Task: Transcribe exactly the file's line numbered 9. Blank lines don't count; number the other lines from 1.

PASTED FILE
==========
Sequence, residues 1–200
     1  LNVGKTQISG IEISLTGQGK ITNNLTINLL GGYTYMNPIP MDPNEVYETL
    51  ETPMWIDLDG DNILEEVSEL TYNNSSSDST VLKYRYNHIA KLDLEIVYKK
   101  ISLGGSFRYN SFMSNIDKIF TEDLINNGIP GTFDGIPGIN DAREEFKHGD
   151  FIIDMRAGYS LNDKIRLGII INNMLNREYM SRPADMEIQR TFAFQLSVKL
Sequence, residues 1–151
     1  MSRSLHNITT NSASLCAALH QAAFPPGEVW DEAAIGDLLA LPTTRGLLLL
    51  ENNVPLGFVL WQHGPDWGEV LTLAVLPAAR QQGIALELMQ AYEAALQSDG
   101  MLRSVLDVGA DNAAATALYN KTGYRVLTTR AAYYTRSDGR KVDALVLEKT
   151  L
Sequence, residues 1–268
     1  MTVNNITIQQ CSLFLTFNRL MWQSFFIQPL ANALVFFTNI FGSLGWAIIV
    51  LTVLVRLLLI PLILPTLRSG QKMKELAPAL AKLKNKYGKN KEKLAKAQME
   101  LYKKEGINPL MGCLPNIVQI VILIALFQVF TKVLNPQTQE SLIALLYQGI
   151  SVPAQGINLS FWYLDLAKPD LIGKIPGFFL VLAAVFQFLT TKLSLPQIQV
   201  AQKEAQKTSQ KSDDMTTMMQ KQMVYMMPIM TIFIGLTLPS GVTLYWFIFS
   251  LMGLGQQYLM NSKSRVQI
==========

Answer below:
   101  MLRSVLDVGA DNAAATALYN KTGYRVLTTR AAYYTRSDGR KVDALVLEKT